The Magic Acorn

The Magic Acorn

In the twinkle of an eye, a sick boy’s acorn becomes a mighty oak

Chief Elf slouches at his desk, a blitz of yellow sticky notes circling his computer screen like a wreath.

At Elf Central, all is quiet at 2 a.m.

But with just one week to go before Christmas 2002, all is not well.

Chief Elf leans on his elbows, rubbing his forehead and stubble of beard. What’s left of his hair is turning gray. His worry lines are sinking deeper. And his aging eyes are bleary from staring at photos of children, most of them terminally ill. The Elves already are working on eight other Christmas projects. But they have one more to arrange.

Try as he might, no amount of brain- storming can conjure up a gift idea for Spencer Mattson, a toddler from rural Cameron, Mo.

Relatives describe Spencer as “a little farm boy.” Just weeks ago he corrected his nurses at Children’s Mercy Hospital, telling them that tractors don’t run on gasoline, but diesel.

Chief Elf knows the idea should involve farming and growing. But on this night, he cannot think anymore.

Spencer’s 3-year-old body is battling a brain tumor the size of an egg. Choroid plexus carcinoma. He has spent most of his childhood in hospitals, enduring three brain surgeries, chemotherapy, two stem cell transplants, blood trans- fusions, MRI tests and numerous catheters he dubs his “noodles.”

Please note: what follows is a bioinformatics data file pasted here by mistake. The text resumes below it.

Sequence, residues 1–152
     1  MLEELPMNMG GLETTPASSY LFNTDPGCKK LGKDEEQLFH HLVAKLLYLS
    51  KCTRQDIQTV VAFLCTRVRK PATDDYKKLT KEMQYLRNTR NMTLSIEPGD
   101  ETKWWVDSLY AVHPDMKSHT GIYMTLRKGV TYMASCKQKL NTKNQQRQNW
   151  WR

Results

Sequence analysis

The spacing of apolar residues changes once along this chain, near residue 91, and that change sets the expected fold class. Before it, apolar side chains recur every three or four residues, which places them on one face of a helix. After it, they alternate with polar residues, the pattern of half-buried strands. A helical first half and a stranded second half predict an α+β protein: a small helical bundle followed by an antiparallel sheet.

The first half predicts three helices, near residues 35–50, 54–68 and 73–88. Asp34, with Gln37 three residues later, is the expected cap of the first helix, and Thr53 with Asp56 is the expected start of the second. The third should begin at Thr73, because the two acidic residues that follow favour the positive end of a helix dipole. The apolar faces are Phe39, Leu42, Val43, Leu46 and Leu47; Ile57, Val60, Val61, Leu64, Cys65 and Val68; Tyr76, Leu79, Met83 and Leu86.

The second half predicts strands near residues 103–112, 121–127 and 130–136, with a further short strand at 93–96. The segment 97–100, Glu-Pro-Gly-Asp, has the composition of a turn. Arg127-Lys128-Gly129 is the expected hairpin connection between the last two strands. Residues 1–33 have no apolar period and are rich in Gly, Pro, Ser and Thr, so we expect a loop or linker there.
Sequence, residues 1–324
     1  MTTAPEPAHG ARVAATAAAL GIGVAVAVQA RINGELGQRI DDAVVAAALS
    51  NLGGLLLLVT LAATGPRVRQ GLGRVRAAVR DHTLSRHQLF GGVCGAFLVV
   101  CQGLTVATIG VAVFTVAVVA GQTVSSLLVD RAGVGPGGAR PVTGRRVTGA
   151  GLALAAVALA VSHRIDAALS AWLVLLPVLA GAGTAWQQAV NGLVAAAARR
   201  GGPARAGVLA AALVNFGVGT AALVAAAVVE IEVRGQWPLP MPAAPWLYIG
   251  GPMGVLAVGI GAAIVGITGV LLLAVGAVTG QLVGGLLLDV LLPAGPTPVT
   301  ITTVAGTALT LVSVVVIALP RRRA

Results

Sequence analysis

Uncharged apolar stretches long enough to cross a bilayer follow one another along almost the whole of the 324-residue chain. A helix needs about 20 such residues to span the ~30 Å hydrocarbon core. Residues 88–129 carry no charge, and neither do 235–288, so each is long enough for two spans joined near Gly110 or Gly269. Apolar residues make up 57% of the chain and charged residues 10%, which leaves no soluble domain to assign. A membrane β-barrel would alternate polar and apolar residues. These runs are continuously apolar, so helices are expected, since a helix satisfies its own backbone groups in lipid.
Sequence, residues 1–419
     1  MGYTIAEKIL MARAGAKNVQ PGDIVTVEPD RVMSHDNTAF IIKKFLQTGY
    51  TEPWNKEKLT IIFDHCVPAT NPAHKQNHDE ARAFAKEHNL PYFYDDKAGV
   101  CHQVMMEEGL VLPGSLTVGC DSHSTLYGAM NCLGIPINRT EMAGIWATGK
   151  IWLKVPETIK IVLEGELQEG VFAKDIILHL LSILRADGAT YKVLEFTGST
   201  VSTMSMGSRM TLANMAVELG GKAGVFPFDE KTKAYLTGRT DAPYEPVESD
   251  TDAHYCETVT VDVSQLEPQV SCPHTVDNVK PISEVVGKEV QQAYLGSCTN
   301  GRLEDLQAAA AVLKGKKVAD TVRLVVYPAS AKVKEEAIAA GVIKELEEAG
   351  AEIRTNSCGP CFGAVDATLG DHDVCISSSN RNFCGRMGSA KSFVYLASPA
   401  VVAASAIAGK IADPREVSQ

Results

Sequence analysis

Spencer’s family suffers too, with a shortage of hope. Doctors told them their little boy probably would not see another Christmas, guessing he might live 10 to 14 months if they’re lucky.

The Elves of Christmas Present want to give Spencer the Christmas memory of a lifetime.

For 15 years, the Elves have sifted through heartache in the metropolitan area, trying to make Christmas extra special for a few families who have had a tough year. The Elves’ gifts go far beyond the ordinary store-bought presents.

A true gift is wrapped in sacrifice, they say. The Elves sacrifice their talents, money and time. Especially time. Most gifts are executed late on Christmas Eve, into the young hours of Christmas morning. Years ago, the Elves learned that within those 24 hours, the impossible becomes possible.

One year, they synchronized 250 carpenters, electricianʼs, finisherʼs, roofers and plumbers to build a handicapped- accessible bedroom and bathroom for a mother with the recent amputations of an arm and leg.

Another year they brought “mountains” to a Kansas boy who was too sick to travel to them. The Elves installed in his bedroom a wall-size painting of snow-capped peaks, complete with sound and lights.

And once they gave a boy whose sister had died on Christmas Eve the ride of his life – and a happy memory to replace a sad one – delivering gifts with Santa Claus in a helicopter, land- ing in a cul-de-sac in Kansas.

The Elves usually never see the joy connected with their gifts. Always anonymous, the Elves toil in secrecy, working in teams, leaving before the recipient awakes.

But Spencer and his family won’t have any special Christmas moment if Chief Elf doesn’t think of something.